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What makes an effective photograph? For me, a successful photograph is one where you achieve your intent in a thoughtful skilled way. These photographs combine intelligent light and motion, skilled composition and color, and ideally a message that educates or moves the viewer. Not all photographs live up to this standard and yet they can be effective too-- and I am talking about photos I call happy snaps. By that, I mean the quick photographs we take of family and friends and events that we want to remember.
In fact, these photographs are downright priceless, but when you show them to other people, that's a different story. When was the last time you really enjoyed looking at someone else's vacation snapshots? It comes down to the decisions you make before, during, and after the shoot. Our cameras give us lots of technical choices: what exposure, what ISO, what shooting mode, and what lens? And then there are the creative choices. Where is the best vantage point? How will you compose that shot or pose your subject? Will you try to capture peak action or the decisive moment? How much depth of field do you want? Will you try to add special effects in post? And if so, what? As a photographer trying to create photographs that really work, your job is to answer them.
Let me show you what I mean with one of my recent assignments. Riley is a very talented young musician who needed professional portraits for promotion. He plays in symphony halls as well as jazz clubs, so the photographs had to work for both. He needed two kinds of photos: a standard headshot and ones more like a CD cover. The message we wanted the photographs to send was that Riley is sophisticated, cool, incredibly talented, and artistic.
I did the headshot series first, because most people are more comfortable posing for these and I wanted to get it out of the way before we went to the more creative stuff. I shot it in my garage with a concrete wall as a backdrop. I opened my garage door to create a soft sidelight that wrapped around his features. I set the camera in the manual mode, so I could have maximum control. My focal length was 105 and the aperture was f/4.
This combination of telephoto lens and wide aperture threw the background out of focus. I asked Riley to dip one shoulder forward to create that nice diagonal line through the composition. Then we worked with his expressions and his head positions. This last shot is the winner. It is the moment when it all came together. His eyes, expression, the turn of his head, the lighting, the composition, and the selective focus make it the most effective photograph of this series.
The portrait works well in color, in black and white, in sepia, or in selenium tone. Next, I wanted to create a feeling of him being on stage. Still in the garage, but now with the door closed, I set up a single strobe to replicate a stage spotlight. I wanted the light to give hard shadows, and I wanted those shadows to be on the wall. I wasn't sure at the beginning what pose I would like the most, so I took lots of photographs with a lot of variations.
These photographs are my notes. They are like the notes for a reporter. I keep working the situation by photographing until I can clearly see the best photo. Many of these work well, but this one is the one that I think is the most effective. The message of the light is late night and jazzy. The greater depth of field shows the detail in the concrete. Even though all of the horn isn't visible, there is enough that you know he is a trumpet player.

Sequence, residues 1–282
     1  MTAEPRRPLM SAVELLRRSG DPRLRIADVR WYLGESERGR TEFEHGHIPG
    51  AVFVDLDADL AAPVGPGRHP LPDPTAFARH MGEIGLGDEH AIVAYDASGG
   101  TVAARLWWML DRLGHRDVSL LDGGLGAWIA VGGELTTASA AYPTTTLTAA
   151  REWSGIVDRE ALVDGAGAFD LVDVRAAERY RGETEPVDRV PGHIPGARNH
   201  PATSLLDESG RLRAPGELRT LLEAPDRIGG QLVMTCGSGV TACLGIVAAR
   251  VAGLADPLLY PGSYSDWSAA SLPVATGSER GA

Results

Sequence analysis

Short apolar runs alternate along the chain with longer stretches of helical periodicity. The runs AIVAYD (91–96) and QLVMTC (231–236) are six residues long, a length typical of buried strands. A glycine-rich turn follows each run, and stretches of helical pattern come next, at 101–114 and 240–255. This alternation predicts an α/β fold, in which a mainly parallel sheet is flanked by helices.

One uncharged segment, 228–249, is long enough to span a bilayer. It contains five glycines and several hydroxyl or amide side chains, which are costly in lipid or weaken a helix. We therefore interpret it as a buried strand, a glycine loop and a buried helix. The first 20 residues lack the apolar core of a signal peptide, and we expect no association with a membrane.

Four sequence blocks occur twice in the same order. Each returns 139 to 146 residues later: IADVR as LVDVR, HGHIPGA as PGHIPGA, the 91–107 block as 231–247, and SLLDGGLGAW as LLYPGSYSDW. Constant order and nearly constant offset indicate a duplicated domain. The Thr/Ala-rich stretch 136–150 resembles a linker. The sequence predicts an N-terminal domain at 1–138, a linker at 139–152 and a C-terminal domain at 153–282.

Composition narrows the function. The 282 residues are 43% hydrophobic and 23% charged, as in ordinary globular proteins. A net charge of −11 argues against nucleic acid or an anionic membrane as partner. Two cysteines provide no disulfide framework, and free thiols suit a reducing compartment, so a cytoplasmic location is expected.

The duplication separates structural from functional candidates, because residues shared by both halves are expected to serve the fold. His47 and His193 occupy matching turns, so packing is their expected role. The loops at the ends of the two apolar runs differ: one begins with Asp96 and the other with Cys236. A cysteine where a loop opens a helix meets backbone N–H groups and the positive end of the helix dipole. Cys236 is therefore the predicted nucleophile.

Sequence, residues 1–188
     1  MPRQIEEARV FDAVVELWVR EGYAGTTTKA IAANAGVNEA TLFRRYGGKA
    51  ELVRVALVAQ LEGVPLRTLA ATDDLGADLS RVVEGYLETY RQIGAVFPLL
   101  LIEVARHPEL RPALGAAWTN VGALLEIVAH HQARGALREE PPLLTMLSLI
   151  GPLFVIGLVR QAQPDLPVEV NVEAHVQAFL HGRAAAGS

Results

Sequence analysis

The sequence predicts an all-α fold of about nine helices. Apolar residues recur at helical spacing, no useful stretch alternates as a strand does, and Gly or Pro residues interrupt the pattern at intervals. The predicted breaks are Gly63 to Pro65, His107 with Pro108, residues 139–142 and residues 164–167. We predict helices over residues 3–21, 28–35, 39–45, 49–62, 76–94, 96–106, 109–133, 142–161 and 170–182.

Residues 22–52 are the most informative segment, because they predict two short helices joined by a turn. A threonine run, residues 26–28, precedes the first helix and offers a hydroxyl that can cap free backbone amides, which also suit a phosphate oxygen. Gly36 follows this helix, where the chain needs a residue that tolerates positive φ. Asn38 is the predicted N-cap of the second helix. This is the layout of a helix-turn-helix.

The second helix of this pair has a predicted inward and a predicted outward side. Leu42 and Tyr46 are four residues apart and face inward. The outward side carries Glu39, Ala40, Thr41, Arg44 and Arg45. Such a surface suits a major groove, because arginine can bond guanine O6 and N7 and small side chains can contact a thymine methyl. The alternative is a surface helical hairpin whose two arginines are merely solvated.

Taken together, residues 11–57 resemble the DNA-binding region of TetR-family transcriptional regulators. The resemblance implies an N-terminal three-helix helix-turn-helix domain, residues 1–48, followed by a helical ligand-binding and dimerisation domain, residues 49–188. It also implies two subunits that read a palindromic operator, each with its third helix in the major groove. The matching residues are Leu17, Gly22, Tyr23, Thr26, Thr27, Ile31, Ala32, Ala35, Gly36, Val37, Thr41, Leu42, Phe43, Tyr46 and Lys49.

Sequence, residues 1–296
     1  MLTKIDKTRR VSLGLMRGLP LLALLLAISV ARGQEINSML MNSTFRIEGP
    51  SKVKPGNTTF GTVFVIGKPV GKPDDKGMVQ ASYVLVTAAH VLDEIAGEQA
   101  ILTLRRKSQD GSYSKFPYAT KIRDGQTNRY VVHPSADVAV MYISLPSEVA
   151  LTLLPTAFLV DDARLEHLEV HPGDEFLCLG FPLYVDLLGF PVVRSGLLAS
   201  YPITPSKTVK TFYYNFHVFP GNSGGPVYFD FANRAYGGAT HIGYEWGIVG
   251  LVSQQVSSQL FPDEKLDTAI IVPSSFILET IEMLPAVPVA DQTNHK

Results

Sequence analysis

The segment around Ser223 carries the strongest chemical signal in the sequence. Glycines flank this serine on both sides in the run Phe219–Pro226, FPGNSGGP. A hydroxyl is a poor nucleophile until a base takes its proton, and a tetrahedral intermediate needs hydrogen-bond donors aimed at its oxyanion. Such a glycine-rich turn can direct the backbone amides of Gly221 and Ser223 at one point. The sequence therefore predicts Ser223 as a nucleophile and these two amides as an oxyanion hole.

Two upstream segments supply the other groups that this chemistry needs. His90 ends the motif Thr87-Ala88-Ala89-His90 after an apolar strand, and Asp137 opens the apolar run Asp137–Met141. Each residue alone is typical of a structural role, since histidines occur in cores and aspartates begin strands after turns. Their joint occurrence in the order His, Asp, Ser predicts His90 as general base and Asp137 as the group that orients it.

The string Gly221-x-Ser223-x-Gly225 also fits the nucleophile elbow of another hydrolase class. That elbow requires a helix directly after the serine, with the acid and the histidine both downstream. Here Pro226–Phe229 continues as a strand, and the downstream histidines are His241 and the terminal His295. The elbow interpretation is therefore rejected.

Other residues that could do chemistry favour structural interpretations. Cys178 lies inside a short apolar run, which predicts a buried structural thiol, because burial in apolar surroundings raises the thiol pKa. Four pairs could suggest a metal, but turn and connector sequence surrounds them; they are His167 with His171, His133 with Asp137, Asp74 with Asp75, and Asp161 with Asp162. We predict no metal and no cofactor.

His expression is thoughtful. He raised his arm and it made it look like he was thinking. And by tilting the camera, the composition comes together. This last shot was taken outside on a cloudy day. I wanted to emphasize Riley's face while still including the horn. I used 180 at 2.8 to give me a very shallow depth of field. The focus is on Riley's eyes and the horn and vegetation is out.
I pushed Riley way over to the side of the frame. Now, to keep this from being awkward, I positioned the horn on an angle so that the line brings your eye right back to Riley. It holds the composition together. And check out how beautiful the texture of the background is. This is called bokeh, and we'll get into that later in the course. The photograph works fine in color, but in this case, it's much more effective in black and white. The background isn't distracting, so your eye goes right back to Riley's.
Riley and I were both very happy with the photographs. So what sets these photos apart from happy snaps? Planning and forethought-- before I press the shutter I thought about each photo and the message I wanted it to convey. After that, I chose the lens and the aperture that would give me the right depth of field. I created my lighting, and played with the composition and pose to make sure I achieved the message.
So yes, you are right; that's a lot to think about! But with practice and experience, this kind of thought becomes second nature.
The course explores compositional elements that guide a viewer's eye, including the rule of thirds; leading lines, patterns, and curves; and depth of field. Natalie then details the roles of color and light in a photo. She shows how to work with the natural light in a room or outdoor location, and how to enhance it using reflectors, newspapers, a T-shirt, or whatever might be handy. She also shows some simple indoor lighting setups that can replicate the look of natural light.
The course continues with a look at movement and how a photographer can convey a sense of motion by blurring part of the image or freezing a fast-moving subject. Next, Natalie explores the concepts of peak action and the decisive moment—those split seconds that capture the essence or emotion of a subject or scene. The course wraps up with a discussion of the roles of planning and research in creating effective photos.